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Full-Text Articles in Law and Race

Performing Discretion Or Performing Discrimination: Race, Ritual, And Peremptory Challenges In Capital Jury Selection, Melynda J. Price Jan 2009

Performing Discretion Or Performing Discrimination: Race, Ritual, And Peremptory Challenges In Capital Jury Selection, Melynda J. Price

Michigan Journal of Race and Law

Research shows the mere presence of Blacks on capital juries-- on the rare occasions they are seated--can mean the difference between life and death. Peremptory challenges are the primary method to remove these pivotal participants. Batson v. Kentucky developed hearings as an immediate remedy for the unconstitutional removal of jurors through racially motivated peremptory challenges. These proceedings have become rituals that sanction continued bias in the jury selection process and ultimately affect the outcome of capital trials. This Article deconstructs the role of the Batson ritual in legitimating the removal of African American jurors. These perfunctory hearings fail to meaningfully ...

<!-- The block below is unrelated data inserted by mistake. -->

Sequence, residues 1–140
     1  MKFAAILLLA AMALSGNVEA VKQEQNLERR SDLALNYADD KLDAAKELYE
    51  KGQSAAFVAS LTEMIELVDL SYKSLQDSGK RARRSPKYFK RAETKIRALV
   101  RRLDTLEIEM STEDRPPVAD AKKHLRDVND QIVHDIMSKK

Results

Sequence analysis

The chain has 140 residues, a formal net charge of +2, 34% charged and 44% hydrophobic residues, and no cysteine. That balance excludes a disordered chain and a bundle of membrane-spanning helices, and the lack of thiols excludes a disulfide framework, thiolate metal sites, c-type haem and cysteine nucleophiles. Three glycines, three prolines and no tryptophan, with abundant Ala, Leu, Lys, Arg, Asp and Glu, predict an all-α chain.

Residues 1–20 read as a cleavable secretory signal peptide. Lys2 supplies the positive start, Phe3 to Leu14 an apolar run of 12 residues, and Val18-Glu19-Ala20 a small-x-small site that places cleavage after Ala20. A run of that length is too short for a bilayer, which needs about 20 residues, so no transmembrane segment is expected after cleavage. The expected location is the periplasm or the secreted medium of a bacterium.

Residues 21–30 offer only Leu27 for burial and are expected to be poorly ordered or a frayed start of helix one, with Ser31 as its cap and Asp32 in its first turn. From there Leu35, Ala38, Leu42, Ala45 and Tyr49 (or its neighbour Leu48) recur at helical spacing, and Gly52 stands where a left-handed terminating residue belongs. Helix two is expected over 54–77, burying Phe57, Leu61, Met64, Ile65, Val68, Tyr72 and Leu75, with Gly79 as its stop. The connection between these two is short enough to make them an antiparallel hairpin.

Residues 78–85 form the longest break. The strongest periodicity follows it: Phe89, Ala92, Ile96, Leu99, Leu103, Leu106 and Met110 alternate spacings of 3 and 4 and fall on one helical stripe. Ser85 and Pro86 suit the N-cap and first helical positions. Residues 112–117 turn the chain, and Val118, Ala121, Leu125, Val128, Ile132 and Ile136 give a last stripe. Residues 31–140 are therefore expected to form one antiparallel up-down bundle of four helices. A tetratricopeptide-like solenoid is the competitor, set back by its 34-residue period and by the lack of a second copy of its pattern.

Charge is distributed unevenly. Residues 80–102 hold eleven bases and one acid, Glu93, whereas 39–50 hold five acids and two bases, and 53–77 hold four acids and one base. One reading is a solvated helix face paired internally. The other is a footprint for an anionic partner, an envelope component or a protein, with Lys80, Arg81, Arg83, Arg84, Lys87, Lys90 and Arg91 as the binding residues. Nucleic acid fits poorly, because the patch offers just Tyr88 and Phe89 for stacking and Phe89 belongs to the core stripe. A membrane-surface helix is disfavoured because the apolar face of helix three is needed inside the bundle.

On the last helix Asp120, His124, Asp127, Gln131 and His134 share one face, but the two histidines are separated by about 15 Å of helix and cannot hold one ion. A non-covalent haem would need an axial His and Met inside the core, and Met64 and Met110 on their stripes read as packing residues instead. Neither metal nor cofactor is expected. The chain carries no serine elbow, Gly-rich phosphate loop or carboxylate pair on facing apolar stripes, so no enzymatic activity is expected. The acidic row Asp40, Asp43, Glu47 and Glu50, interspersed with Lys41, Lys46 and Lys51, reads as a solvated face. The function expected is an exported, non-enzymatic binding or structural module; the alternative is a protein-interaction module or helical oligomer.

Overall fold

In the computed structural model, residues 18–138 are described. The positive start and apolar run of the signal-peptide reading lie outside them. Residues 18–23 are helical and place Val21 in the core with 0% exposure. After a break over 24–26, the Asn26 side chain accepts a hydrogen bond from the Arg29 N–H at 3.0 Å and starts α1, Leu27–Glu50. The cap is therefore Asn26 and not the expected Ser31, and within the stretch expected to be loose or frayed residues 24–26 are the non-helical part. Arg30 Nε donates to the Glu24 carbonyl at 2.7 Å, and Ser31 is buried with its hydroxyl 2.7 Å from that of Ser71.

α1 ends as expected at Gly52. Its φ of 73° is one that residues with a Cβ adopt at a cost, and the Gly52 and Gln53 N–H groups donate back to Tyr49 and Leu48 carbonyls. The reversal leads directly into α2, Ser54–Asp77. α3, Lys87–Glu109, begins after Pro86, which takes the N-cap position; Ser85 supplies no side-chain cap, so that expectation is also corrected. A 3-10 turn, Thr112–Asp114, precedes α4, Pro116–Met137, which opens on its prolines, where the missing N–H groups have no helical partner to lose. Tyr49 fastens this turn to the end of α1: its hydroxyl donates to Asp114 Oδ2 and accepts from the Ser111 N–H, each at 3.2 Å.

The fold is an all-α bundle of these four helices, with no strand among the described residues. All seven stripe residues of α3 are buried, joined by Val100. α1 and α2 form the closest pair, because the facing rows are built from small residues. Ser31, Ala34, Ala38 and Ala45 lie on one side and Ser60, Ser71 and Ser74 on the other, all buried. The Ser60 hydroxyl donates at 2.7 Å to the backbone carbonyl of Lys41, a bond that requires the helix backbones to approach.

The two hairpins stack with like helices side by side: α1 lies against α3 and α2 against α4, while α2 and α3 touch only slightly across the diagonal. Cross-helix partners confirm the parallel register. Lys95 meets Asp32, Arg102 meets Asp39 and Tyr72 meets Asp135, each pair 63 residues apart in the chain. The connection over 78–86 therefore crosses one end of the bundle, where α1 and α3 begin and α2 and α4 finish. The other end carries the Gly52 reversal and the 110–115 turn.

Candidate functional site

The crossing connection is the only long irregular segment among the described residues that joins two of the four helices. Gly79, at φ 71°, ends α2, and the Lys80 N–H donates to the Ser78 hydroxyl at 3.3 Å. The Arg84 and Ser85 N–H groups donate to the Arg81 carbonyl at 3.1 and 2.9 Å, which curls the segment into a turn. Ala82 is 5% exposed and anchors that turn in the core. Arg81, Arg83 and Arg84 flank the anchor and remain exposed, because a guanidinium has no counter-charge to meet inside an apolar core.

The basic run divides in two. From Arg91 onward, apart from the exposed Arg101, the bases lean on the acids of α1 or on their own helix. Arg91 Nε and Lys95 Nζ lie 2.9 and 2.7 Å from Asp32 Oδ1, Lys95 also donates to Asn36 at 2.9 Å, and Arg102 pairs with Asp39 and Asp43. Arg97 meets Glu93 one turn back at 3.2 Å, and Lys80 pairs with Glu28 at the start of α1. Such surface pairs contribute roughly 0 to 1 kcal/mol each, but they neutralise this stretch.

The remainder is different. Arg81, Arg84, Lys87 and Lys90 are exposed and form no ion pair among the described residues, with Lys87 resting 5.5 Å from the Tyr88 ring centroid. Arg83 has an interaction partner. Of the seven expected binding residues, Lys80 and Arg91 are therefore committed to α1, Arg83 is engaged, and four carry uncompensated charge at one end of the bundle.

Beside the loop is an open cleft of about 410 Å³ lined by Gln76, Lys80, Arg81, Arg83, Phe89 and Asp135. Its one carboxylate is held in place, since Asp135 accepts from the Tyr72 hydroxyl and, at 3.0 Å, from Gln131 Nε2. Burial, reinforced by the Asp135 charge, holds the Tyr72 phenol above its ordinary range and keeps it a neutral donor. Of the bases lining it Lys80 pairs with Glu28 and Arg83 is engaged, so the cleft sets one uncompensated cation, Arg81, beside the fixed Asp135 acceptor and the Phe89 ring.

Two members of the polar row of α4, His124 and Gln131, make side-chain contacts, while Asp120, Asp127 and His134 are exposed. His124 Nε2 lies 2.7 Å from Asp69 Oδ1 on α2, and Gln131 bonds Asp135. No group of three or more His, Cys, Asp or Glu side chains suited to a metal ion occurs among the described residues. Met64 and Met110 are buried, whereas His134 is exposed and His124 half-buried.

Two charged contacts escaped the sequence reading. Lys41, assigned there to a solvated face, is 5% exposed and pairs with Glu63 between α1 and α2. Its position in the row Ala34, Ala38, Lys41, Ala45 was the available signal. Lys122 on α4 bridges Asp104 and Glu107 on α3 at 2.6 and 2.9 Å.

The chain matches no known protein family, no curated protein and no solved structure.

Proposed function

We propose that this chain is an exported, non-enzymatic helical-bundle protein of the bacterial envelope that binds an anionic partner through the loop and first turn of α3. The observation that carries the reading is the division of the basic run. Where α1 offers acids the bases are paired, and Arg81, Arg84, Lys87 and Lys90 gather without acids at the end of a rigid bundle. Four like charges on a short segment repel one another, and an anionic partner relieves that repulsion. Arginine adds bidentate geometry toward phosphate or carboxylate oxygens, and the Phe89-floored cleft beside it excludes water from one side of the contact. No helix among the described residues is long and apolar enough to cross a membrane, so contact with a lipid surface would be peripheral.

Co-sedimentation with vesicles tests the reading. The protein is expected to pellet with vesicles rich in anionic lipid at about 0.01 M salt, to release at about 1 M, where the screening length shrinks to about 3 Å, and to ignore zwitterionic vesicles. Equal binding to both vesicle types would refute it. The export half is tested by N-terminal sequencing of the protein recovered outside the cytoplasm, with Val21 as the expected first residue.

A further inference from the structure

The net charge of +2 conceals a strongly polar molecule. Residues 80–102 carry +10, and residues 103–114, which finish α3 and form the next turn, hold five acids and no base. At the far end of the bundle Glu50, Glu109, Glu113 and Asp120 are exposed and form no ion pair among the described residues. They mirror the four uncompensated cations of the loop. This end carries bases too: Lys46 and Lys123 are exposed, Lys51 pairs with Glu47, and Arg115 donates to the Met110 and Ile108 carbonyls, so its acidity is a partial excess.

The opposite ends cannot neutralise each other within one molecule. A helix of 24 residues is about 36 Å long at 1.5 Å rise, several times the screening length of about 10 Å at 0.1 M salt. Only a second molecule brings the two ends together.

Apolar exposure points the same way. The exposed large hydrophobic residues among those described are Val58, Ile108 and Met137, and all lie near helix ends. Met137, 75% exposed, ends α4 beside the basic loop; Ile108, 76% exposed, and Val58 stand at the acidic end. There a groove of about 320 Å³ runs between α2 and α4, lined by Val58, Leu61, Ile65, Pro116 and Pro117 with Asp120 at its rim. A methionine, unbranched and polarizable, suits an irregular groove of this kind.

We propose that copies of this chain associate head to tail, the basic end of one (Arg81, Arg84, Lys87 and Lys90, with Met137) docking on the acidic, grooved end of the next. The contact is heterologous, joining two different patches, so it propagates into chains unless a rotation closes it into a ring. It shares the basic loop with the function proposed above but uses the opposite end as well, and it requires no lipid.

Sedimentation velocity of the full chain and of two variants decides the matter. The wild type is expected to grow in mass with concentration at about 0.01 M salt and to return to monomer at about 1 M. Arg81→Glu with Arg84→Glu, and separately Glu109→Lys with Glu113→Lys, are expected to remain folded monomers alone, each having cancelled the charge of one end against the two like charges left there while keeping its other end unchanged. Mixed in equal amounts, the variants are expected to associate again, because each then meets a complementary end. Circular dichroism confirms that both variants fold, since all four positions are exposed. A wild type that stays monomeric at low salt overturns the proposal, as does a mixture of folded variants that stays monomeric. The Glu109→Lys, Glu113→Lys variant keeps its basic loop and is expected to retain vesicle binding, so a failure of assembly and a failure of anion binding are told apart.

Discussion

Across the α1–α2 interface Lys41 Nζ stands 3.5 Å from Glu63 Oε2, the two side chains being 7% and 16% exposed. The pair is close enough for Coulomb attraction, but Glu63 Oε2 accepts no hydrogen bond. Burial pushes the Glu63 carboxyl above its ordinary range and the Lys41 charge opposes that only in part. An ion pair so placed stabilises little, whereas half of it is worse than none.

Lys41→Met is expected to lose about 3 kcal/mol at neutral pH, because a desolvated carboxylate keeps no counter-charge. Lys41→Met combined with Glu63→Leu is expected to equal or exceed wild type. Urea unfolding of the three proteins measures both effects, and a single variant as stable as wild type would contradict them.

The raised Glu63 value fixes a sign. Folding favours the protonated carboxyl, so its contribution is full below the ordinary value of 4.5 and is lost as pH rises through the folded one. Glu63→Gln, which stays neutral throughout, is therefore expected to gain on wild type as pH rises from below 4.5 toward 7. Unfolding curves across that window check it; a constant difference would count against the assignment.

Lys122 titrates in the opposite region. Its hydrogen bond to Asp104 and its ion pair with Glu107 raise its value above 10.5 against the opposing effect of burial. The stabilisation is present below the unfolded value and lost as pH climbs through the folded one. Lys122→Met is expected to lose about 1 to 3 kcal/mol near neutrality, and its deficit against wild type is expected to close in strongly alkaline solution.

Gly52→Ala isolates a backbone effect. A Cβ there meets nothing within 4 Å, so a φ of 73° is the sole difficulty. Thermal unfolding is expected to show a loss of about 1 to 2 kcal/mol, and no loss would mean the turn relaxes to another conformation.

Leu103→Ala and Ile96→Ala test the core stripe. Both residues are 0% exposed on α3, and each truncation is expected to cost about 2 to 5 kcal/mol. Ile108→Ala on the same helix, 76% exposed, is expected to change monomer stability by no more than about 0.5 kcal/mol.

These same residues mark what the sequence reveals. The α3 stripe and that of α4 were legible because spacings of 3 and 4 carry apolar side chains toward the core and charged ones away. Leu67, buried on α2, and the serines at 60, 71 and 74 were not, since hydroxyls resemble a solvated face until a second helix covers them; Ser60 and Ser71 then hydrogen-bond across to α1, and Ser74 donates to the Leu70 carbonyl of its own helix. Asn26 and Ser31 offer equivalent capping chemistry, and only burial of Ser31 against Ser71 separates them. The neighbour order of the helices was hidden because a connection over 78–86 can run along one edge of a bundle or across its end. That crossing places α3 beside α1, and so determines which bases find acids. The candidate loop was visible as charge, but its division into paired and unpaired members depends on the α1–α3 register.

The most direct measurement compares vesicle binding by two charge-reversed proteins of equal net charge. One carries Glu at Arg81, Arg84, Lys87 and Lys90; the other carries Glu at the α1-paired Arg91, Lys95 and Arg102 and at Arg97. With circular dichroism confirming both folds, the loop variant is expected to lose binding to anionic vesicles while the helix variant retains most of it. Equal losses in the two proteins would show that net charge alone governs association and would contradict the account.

Poll Workers, Election Administration, And The Problem Of Implicit Bias, Antony Page, Michael J. Pitts Jan 2009

Poll Workers, Election Administration, And The Problem Of Implicit Bias, Antony Page, Michael J. Pitts

Michigan Journal of Race and Law

Racial bias in election administration-more specifically, in the interaction between poll workers and voters at a polling place on election day-may be implicit, or unconscious. Indeed, the operation of a polling place may present an "optimal" setting for unconscious racial bias. Poll workers sometimes have legal discretion to decide whether or not a prospective voter gets to cast a ballot, and they operate in an environment where they may have to make quick decisions, based on little information, with few concrete incentives for accuracy, and with little opportunity to learn from their errors. Even where the letter of the law ...